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Island Walking

by nate on March 12, 2010

Another day trip we took from Borongan was to Divinubo, a nearby island that we could actually walk to during low tide. This little journey took us through a post-apocalyptic landscape or a “sunken” moonscape as we began to say. The ground was an interesting combination of volcanic rock and dead reef, equally hard, sharp, and unforgiving. Littered throughout the landscape were tiny sea urchins and hermit crabs that seemed to form bustling communities around a few select rocks. The walk guided up across two tiny sandbank islands, and past a few excited spear fishermen, and children jumping on the boulders.

A few hours later we found an area with large connected pools, deep enough to swim in with a series of caves to swim through and climb up. It took a bit longer than expected to find the pools, so it was amazing to cool down and explore for a while. The water wasn’t exactly a fishes paradise, but the rock formations were stunning as the terrain of our entire trip was like a single rock carved with passageways and deep pools from ocean tides and plenty of time.

We circled the last of the three islands, with huge caves and rich foliage surrounding the interior of the island, in search of the local fishing village. The locals happily greeted us curiously as we stopped for a few San Miguel’s and to negotiate a bangka ride back across the bay.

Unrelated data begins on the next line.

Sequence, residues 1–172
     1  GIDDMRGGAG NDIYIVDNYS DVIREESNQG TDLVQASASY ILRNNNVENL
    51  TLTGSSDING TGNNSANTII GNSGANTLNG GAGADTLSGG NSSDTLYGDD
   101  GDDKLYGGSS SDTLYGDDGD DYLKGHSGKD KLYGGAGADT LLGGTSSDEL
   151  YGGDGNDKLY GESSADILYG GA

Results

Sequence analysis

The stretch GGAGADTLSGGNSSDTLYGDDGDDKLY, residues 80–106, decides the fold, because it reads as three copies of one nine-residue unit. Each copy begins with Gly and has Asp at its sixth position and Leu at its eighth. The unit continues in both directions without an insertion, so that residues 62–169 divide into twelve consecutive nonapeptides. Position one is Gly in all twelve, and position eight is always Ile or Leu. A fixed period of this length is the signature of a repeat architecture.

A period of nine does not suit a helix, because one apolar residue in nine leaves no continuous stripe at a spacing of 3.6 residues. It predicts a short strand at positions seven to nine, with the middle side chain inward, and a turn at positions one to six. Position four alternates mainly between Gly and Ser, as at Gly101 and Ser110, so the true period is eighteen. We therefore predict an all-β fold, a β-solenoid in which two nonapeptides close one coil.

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Upstream from Borongan

by becca on March 9, 2010

One of the day trips we ventured on while staying in Borongan involved hiring a fishing boat to take us out on the Suribao River to explore a quiet village and a seemingly untouched waterfall.

A 15-minute tricycle ride brought us to a small pier where we hired an older man to take us in his rickety little boat about an hour up the river. After passing fisherman in shallow, narrow wooden boats, kids swimming in the cool green water, and a few kilometers of endless towering cliffs covered in palm trees, we arrived in a little village where it quickly became clear that westerners don’t often visit. A short walk through the narrow paths and we were being followed by a gaggle of children, wide-eyed and shy but very curious. We stumbled upon a cock fight and watched the battle until the razor on the talon of the winning rooster carved open the loser. (It wasn’t quite as gruesome as I had imagined though, you can’t really see the cut through the feathers.) Finally we hopped back on the boat and said goodbye, waving back to our fan club of local kids. Next stop was a waterfall where we busted out some beers and snacks we brought along, sat in small cool pools of water formed by the rocks and enjoyed ourselves in the sun.

To hire the boat and captain for four hours cost about $12 split among four people. It’s little trips like this that make me think that the Philippines are in some way the last frontier of Southeast Asia. In Vietnam or Thailand for example, an excursion like this would be promoted, the price of the boat inflated, the children in the village might beg and the rural authenticity of the entire experience would be lost in the process.

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Pirate’s Cove

March 8, 2010

Nine hours overland from Padre Burgos (3 hours of which were impossibly bumpy), we finally arrived in Borongan, a little visited town on the Pacific coast in Eastern Samar. We were welcomed to Pirate’s Cove Beach and Surf Resort by the owner, Pete, an American surfer who’s been there for over 20 years. Lonely Planet [...]

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